JoVE Bioengineering merges both physical and life sciences to understand and predict biological processes. Applying physical science tools to life science questions allow for the discovery of better technologies to measure, diagnose, and clinically treat disease.
1Biomedical Engineering, Laboratory for Fluorescence Dynamics, University of California, Irvine
In this video protocol we track - at high speed and in three dimensions - fluorescently labeled lysosomes within living cells, using the orbital tracking method in a modified two-photon microscope.
Published October 1, 2014. Keywords: Bioengineering, fluorescence, single particle tracking, laser scanning microscope, two-photon, vesicle transport, live-cell imaging, optics
1School of Animal and Comparative Biomedical Sciences, University of Arizona, 2Department of Entomology, University of Arizona
The goal of this presentation is to demonstrate in vivo and in vitro techniques for the rearing of entomopathogenic nematodes. In vivo methods consider the rearing of these nematodes with an insect host, whereas the in vitro methods utilize rich agar media.
Published September 22, 2014. Keywords: Bioengineering, entomology, nematology, microbiology, entomopathogenic, nematodes, bacteria, rearing, in vivo, in vitro
1Cardiology, Department of Medicine, University of Fribourg
Implantation of a biograft to treat myocardial infarction induced by LAD ligation in a rodent model has conventionally required two open-heart surgeries. In order to reduce mortality and provide optimal conditions for fixation of solid and gelatinous biomatrices associated with cells, minimally invasive procedures have been developed.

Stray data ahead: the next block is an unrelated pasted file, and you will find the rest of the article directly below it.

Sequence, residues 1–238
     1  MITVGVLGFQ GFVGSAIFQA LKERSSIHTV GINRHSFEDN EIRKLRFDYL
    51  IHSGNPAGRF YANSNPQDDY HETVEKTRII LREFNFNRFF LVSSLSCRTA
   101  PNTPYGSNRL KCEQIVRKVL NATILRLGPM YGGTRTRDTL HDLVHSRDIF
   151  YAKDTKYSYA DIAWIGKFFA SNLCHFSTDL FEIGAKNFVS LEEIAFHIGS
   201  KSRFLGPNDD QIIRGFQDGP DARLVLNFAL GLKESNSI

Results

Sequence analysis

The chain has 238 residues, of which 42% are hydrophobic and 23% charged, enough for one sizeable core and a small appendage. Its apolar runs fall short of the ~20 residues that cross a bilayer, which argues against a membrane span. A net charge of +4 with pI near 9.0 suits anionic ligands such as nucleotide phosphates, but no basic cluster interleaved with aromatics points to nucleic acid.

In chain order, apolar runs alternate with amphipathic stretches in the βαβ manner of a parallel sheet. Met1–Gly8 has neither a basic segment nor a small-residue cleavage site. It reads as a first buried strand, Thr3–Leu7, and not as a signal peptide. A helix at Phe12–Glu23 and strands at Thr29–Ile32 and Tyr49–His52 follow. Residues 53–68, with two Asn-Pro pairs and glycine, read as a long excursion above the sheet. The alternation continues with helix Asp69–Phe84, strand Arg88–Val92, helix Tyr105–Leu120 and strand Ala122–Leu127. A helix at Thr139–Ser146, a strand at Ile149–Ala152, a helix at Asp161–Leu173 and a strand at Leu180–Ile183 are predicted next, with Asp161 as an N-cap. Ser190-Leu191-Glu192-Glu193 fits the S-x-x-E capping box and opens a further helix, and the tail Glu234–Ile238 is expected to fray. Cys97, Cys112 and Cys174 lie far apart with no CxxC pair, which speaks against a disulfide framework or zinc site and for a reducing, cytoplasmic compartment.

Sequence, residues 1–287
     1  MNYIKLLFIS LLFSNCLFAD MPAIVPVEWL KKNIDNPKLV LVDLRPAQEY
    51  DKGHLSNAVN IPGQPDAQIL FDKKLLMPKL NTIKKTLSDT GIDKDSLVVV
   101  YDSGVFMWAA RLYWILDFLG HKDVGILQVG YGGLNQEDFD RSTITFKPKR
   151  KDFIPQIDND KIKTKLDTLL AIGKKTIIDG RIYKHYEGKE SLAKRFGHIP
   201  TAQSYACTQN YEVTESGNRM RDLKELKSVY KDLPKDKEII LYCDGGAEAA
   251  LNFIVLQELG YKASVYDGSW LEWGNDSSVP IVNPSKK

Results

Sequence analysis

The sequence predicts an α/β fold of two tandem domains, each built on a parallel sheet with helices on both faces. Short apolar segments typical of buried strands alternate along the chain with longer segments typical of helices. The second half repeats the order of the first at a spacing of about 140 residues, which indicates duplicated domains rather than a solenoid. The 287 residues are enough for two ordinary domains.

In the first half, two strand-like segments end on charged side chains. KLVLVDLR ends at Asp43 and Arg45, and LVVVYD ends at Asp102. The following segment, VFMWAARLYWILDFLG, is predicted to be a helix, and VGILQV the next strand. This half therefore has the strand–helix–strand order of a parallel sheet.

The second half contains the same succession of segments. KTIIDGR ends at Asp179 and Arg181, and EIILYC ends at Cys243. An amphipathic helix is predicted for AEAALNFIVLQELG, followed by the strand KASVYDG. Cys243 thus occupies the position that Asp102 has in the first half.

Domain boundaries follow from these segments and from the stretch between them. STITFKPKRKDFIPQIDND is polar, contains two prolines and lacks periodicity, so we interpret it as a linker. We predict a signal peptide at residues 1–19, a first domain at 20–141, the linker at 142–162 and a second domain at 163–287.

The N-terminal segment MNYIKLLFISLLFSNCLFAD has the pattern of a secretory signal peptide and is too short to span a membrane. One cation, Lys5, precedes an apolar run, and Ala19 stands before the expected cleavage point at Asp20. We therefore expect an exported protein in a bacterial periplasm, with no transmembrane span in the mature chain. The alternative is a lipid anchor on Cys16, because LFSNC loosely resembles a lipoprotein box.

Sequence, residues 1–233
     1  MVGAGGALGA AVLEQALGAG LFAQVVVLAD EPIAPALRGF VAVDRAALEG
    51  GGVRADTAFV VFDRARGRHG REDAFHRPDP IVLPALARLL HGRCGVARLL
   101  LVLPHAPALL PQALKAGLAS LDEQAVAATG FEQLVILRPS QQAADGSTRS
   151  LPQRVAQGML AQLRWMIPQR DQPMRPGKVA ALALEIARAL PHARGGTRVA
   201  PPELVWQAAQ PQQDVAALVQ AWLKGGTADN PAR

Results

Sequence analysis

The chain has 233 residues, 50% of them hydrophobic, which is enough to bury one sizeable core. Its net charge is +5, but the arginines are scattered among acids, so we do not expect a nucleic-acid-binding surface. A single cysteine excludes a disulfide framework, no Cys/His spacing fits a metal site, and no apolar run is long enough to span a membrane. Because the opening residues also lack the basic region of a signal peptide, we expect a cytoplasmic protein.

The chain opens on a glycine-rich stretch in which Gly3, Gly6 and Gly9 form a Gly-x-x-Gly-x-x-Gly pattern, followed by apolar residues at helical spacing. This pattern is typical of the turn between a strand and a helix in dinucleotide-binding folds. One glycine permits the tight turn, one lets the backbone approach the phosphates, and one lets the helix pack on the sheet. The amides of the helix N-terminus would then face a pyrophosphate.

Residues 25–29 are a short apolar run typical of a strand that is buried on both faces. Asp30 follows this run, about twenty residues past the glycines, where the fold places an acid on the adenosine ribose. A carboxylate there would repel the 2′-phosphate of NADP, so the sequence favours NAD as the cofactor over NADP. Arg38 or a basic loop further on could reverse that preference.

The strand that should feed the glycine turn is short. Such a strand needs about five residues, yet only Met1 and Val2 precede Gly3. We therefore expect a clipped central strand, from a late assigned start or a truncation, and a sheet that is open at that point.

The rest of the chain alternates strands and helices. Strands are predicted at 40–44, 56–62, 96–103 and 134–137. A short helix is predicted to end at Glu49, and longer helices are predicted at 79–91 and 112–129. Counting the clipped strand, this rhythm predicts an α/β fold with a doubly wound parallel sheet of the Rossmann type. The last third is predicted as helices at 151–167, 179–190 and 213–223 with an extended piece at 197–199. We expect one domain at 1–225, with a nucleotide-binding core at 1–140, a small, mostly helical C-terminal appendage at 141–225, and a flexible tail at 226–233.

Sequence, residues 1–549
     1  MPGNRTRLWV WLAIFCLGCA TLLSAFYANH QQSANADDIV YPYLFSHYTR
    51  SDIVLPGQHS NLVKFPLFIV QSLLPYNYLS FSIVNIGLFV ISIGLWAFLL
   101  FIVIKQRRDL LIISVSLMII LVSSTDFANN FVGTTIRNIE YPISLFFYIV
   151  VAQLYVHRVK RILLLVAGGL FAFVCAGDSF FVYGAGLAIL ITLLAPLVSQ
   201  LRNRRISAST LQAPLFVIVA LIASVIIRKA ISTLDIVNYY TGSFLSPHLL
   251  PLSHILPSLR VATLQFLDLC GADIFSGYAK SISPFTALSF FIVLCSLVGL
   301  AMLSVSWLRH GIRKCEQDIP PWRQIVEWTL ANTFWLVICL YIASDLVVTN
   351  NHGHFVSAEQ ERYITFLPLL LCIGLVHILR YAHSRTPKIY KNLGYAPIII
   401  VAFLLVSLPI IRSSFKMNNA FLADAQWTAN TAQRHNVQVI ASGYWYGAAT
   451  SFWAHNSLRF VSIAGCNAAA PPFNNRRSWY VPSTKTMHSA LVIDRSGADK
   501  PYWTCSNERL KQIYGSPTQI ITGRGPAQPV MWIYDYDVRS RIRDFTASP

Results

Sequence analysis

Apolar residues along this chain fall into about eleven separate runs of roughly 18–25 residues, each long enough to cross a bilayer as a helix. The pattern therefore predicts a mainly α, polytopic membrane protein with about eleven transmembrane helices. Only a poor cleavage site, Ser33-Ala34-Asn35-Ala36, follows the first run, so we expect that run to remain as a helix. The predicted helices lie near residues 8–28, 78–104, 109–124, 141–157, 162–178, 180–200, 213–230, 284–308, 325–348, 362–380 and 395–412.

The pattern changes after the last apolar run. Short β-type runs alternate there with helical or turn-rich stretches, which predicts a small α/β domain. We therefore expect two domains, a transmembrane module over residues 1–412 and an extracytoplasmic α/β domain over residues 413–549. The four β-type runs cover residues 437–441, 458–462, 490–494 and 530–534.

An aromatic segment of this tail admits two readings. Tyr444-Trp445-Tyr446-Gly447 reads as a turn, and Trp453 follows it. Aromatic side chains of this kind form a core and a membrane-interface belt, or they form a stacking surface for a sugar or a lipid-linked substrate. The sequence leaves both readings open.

Published September 22, 2014. Keywords: Bioengineering, myocardial infarction (MI), fibrin sealant, thoracotomy, Left Anterior Descending Artery (LAD) ligation, cardiac cell therapy, cardiac microsurgery
1Department of Neural and Behavioral Sciences, Penn State University College of Medicine
The in vivo measurement of smooth muscle contractions along the gastrointestinal tract of laboratory animals remains a powerful, though underutilized, technique. Flexible, dual element strain gages are not commercially available and require fabrication. This protocol describes the construction of reliable, inexpensive strain gages for acute or chronic implantation in rodents.
Published September 18, 2014. Keywords: Bioengineering, gastrointestinal tract, gastric contractions, motility, in vivo recording, physiology, neuroscience, strain gage
1Structure et Propriétés d'Architectures Moléculaires, Institut Nanosciences et Cryogénie, CEA-Grenoble, 2Institut de Chimie Moléculaire et des Matériaux d'Orsay, Université Paris-Sud, 3Institut de Biologie Structurale
A novel approach is described for construction of electronic tongue (eT), which greatly simplifies the design and production of sensing materials, and allows the eT to generate continuous evolution profiles and landscapes for samples in liquid. The obtained eT is efficient for common protein analysis such as discrimination.
Published September 16, 2014. Keywords: Bioengineering, electronic tongue, combinatorial cross-reactive receptor, surface plasmon resonance imaging, pattern recognition, continuous evolution profiles, continuous evolution landscapes, protein analysis